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Concern over rise in land conversions

New research shows the number of the country’s sheep and beef land purchased for forestry is “higher than first thought,” according to a recent media release put out by Beef and Lamb New Zealand [BLNZ] this month.

As cited by BLNZ, an updated Orme and Associates report on land-use change from pastoral farming to large-scale forestry shows the amount of land sold for this purpose in 2021 increased by 66 per cent compared to the previous year.

BLNZ chief executive Sam McIvor said the report will be alarming for farmers, rural communities, and New Zealanders in general, who are already concerned about the conversion of food-producing sheep and beef land into carbon farming.

“The Orme & Associates report was commissioned by BLNZ two years ago to track the amount of land purchased for afforestation and taken out of pastoral production. It initially showed more than 52,000ha of land was purchased for forestry interests in 2021,” he says.

“However, the latest revised data shows that figure to be more than 63,000ha, a 66 per cent increase on 2020 and up from 7000ha in 2017.”

In Wairarapa, more than 22,000ha was sold in 2021 and 2022 alone.

Last year, 3589ha was sold in the Masterton District, 1055ha was sold in South Wairarapa District, and 3895ha was sold in Tararua District.

McIvor said, “25,000ha per year leaving sheep and beef production equates to a loss of $490 million annually [at year 16] at the farm gate. After 16 years, this would amount to $4.2 billion cumulatively lost. This is a $709 million loss annually in export value [at year 16] and a $6 billion loss cumulatively over 16 years. This would total 400,000ha over 16 years. Currently, 200,000ha have been purchased over the past five years.”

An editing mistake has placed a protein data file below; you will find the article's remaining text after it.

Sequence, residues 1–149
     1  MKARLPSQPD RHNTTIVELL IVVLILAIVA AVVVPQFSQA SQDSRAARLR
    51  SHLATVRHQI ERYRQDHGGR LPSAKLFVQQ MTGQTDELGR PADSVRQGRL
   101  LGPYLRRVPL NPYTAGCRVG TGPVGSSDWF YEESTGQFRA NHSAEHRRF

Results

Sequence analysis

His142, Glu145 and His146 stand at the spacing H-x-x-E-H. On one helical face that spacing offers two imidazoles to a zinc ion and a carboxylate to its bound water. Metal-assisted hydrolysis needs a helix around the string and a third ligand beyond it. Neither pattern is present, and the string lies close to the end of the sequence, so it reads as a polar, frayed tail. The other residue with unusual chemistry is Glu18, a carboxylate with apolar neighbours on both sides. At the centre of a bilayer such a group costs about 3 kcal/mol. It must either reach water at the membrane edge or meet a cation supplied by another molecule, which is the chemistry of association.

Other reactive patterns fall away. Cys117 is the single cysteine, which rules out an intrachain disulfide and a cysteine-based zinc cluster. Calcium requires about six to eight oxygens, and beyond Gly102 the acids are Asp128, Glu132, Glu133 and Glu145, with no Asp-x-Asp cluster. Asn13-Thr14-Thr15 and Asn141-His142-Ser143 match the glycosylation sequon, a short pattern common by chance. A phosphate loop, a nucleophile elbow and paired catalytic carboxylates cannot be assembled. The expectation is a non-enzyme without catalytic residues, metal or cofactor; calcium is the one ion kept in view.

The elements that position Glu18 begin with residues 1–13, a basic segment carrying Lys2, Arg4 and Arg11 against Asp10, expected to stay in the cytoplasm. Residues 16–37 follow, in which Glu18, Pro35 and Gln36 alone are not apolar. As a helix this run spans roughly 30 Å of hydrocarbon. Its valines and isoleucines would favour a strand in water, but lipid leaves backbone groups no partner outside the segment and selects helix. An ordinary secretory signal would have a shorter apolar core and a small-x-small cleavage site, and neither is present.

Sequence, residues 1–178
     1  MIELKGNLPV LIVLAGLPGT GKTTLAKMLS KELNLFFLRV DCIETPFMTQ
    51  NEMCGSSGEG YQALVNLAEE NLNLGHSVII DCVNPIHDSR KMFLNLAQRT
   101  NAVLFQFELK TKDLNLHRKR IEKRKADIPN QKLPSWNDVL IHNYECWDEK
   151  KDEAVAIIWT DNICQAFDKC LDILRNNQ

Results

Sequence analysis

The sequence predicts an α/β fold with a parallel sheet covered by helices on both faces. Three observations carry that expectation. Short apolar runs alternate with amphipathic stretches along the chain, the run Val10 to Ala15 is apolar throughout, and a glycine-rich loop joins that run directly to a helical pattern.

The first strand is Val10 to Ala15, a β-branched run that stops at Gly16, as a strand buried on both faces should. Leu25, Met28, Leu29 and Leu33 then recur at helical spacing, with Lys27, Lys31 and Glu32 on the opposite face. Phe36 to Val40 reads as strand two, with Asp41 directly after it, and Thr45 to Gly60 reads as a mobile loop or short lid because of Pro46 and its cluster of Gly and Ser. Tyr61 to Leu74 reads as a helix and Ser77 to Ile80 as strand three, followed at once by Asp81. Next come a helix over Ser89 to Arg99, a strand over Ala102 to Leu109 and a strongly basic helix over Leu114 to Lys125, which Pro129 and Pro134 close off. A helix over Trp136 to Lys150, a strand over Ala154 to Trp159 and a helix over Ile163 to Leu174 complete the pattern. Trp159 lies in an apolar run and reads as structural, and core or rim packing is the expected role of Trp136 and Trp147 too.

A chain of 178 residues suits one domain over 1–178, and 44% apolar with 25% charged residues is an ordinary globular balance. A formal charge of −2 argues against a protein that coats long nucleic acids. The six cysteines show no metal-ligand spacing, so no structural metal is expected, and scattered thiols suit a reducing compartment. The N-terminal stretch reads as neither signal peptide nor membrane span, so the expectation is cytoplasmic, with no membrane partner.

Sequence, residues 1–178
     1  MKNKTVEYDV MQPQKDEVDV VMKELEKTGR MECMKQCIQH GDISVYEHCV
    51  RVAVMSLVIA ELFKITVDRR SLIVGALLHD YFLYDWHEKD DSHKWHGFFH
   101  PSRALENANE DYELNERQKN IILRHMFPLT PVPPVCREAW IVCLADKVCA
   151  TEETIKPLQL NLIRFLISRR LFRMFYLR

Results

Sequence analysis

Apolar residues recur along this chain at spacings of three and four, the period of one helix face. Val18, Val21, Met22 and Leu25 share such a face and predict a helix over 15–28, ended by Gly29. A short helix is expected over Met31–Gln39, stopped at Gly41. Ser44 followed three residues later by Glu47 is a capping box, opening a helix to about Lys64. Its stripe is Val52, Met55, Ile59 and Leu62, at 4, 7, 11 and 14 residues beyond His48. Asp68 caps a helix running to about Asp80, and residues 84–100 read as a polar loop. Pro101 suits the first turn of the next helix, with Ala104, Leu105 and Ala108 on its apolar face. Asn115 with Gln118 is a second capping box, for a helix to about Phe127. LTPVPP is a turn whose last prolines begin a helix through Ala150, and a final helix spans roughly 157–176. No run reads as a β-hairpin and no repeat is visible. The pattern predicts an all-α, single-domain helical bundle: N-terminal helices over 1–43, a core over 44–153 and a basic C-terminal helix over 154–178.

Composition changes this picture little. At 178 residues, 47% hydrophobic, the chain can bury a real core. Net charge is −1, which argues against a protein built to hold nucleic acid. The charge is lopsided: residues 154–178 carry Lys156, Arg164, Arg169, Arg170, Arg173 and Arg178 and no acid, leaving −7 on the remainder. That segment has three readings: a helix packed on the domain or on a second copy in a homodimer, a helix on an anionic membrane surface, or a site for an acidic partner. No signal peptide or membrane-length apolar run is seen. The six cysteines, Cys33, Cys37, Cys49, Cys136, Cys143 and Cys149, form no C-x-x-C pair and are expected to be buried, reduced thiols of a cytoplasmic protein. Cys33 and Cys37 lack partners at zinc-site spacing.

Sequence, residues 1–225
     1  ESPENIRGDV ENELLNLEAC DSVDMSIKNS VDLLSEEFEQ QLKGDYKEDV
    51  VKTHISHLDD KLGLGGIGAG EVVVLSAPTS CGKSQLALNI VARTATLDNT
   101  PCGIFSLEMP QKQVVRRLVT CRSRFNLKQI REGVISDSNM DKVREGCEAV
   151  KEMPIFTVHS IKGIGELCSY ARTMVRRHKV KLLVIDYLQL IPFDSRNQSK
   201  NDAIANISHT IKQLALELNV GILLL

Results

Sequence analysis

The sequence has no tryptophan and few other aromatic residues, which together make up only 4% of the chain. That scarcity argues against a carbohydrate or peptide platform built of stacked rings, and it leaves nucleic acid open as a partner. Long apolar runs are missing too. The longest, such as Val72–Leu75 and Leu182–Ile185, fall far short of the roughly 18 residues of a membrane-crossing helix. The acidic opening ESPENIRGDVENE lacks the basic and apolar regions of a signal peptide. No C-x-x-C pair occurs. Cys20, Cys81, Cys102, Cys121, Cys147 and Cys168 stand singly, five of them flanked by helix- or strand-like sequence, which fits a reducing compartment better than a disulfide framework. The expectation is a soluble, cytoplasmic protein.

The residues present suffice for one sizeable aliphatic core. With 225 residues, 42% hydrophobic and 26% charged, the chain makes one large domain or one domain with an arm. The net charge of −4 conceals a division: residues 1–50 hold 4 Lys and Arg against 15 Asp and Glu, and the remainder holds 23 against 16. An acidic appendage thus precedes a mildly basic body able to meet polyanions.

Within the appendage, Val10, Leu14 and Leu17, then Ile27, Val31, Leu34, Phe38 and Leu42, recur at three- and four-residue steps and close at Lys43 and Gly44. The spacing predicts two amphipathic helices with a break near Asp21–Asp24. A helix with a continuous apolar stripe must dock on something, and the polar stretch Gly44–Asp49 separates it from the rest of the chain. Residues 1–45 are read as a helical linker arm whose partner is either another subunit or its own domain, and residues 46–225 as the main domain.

Federated Farmers president David Hayes told the Times-Age his organisation is concerned about the amount of good productive farmland that is being lost to forestry.

“Wairarapa Federated Farmers are also very concerned that Wellington Regional Council may adopt its own climate policies that far exceed what is set out at a national level,” he said.

“Federated Farmers support the need to reduce long-lived gases [CO2] to net zero by 2050, and we support the need to reduce short-lived gases [methane]. However, these regional policies are not based on the science for methane and are not aligned to the national level objectives.

“When farmers move out and foresters move in, it devastates rural communities. The populations decline and before you know it you don’t have enough people to sustain the schools, shops, and sports teams. It sucks the life out of a region.”

This isn’t a criticism of the farmers who are making decisions about how they should best use their land, Hayes said – instead, it is “a criticism of flawed government policies that are screwing the scrum and sending artificial price signals that artificially inflate the return of forestry”.

“Impractical rules and regulations are undermining the profitability of sheep farming and making it less appealing, while other policies are driving increased forestry conversions,” Hayes said.

“For example, New Zealand is the only country in the world that allows emitters to offset 100 per cent of their emissions using forestry. So that’s exactly what they do – instead of reducing emissions in places like Auckland and Wellington, they just offset by planting trees in our rural communities.

“The policy settings need to urgently change, or communities like the Wairarapa will just end up planted in pines to offset our neighbours down the road in Wellington.”

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